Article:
First of all, you should carefully look at the main PHP file of the plugin which hooks you are going to deactivate. There should be construction by type:

add_action('wp_head', 'plugin_function_here');

Found it? - OK. Now, to get rid of the function call, add the following line to the functions.php file:

remove_action('wp_head', 'plugin_function_here');

Save it and check what happened. Below I have collected some hack samples for different plugins. Perhaps you will need something.


The function below allows you to remove the connection of styles to highlight the syntax of the program code in the text. The content of the wp-syntax.css file itself is small, so you can simply add it to the standard style.css.

remove_action( 'wp_head', 'wp_syntax_head');


The module adds version information to the WordPress header that can be hidden.


Contacts Form 7

This super popular contact form plugin output its style in the HEAD. The solution is a little more complex. It is logical that you do not need to call the plugin on pages where this very form does not exist. It only creates an additional load. Let's fix the situation and optimize WordPress code with the help of the following lines:

// Deregister Contact Form 7 styles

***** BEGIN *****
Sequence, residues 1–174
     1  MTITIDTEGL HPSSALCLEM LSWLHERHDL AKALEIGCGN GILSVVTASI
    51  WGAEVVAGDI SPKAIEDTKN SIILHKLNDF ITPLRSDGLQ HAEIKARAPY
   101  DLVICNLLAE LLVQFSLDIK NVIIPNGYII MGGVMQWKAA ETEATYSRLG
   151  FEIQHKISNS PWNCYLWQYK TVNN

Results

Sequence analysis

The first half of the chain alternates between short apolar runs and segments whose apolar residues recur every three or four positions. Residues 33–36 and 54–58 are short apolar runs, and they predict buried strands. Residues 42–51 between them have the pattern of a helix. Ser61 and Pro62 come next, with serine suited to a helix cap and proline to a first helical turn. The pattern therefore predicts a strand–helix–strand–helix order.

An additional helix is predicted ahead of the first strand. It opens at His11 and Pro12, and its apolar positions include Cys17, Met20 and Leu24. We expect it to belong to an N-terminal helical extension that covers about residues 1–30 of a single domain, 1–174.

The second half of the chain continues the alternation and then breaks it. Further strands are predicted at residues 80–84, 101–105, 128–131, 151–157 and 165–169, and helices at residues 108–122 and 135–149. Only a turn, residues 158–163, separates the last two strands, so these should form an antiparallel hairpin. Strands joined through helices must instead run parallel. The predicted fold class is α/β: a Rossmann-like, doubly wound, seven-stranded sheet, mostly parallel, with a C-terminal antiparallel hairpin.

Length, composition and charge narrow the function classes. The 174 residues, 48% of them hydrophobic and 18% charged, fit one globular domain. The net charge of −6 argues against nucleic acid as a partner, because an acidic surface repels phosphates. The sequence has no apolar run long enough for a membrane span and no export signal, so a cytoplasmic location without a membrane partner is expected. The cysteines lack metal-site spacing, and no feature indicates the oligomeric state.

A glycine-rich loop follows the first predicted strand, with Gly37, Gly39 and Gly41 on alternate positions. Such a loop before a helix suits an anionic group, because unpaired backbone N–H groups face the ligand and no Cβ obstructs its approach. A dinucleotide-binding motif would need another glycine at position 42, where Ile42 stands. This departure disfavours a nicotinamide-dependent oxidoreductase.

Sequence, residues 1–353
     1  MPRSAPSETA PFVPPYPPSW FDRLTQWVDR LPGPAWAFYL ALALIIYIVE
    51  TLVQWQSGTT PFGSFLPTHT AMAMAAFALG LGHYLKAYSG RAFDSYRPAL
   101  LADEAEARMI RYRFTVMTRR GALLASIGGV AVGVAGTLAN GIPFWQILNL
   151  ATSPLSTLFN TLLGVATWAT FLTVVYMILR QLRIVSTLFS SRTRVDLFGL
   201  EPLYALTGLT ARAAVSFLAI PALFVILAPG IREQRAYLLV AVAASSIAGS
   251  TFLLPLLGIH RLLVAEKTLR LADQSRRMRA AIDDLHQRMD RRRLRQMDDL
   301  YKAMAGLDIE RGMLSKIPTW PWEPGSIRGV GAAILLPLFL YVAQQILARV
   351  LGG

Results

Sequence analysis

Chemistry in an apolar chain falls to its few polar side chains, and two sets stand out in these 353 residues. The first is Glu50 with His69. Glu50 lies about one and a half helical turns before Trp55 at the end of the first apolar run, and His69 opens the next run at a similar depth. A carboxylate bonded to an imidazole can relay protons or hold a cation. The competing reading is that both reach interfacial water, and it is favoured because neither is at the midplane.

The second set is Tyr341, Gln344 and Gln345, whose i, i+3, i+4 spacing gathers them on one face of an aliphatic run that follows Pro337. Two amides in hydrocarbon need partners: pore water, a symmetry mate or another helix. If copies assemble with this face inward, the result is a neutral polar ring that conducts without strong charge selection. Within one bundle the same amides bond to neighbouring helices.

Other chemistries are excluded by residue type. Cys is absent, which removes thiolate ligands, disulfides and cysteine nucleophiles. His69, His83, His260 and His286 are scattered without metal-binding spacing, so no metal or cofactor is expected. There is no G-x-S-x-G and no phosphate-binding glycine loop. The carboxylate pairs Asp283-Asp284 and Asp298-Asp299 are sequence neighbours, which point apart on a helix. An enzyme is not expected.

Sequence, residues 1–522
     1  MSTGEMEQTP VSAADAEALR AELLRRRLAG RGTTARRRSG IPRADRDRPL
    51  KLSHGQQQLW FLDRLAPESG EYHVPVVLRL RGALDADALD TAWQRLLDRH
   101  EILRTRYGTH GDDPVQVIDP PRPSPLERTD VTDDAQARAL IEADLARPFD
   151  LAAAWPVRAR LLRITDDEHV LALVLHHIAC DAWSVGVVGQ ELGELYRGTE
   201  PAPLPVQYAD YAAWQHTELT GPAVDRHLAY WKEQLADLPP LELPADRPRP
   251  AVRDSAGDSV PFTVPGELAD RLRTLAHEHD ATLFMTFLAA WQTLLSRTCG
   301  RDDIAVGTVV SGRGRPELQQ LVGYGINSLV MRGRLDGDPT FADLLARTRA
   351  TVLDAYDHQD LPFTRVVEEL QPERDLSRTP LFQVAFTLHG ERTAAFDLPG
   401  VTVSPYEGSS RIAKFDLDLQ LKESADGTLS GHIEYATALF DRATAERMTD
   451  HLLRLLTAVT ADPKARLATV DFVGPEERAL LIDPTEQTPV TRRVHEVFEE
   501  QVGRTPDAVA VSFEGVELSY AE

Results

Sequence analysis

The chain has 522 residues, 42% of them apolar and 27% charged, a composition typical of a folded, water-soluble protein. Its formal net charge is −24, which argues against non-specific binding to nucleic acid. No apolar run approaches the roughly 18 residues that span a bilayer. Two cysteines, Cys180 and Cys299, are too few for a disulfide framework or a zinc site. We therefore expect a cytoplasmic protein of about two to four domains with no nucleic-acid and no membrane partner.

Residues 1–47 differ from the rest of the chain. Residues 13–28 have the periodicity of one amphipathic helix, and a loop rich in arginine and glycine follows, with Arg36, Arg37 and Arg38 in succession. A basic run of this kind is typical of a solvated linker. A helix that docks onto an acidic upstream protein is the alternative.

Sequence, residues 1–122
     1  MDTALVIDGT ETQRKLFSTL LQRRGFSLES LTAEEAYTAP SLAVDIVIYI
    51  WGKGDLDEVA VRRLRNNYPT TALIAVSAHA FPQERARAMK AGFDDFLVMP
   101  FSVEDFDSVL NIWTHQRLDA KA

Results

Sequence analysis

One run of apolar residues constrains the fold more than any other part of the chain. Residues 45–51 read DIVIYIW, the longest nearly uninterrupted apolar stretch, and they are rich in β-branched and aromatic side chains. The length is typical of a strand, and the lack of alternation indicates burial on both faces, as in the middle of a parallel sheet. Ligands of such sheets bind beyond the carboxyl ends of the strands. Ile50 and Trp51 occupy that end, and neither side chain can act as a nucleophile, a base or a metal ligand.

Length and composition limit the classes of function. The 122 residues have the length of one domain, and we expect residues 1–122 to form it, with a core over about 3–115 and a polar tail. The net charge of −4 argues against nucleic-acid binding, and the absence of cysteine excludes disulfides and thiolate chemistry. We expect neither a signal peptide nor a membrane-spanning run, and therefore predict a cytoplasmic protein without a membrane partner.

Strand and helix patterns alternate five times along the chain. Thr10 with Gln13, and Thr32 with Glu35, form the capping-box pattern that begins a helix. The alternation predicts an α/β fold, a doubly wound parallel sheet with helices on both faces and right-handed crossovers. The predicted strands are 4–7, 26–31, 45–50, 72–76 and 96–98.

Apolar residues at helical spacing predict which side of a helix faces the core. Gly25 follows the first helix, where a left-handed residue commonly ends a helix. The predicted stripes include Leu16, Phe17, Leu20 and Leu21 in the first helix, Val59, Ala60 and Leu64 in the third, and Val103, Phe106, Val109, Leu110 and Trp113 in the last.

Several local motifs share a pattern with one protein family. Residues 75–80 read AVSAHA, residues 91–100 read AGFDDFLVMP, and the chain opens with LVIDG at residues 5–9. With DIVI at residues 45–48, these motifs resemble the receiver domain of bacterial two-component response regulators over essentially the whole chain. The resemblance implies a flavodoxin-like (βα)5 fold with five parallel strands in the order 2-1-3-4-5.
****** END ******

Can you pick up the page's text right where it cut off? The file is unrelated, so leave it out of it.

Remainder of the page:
add_action( 'wp_print_styles', 'aa_deregister_styles', 100 );
function aa_deregister_styles() {
    if ( ! is_page( get_theme_mod( "header_contacts") ) ) {
        wp_deregister_style( 'contact-form-7' );

// Deregister Contact Form 7 JavaScript files on all pages without a form
add_action( 'wp_print_scripts', 'aa_deregister_javascript', 100 );
function aa_deregister_javascript() {
    if ( ! is_page( get_theme_mod( "header_contacts") ) ) {
        wp_deregister_script( 'contact-form-7' );


There are unique cases when using remove_action for wp_head does not work. Like, e.g., with the same WP-PageNavi where there is no explicit function call in wp_head, but the plugin still loads its styles' file. If you look carefully at the source code of wp-pagenavi.php, you will find a function "Enqueue PageNavi Stylesheets" which adds styles through add_action. Accordingly, we place a line in the functions.php file to stop this call: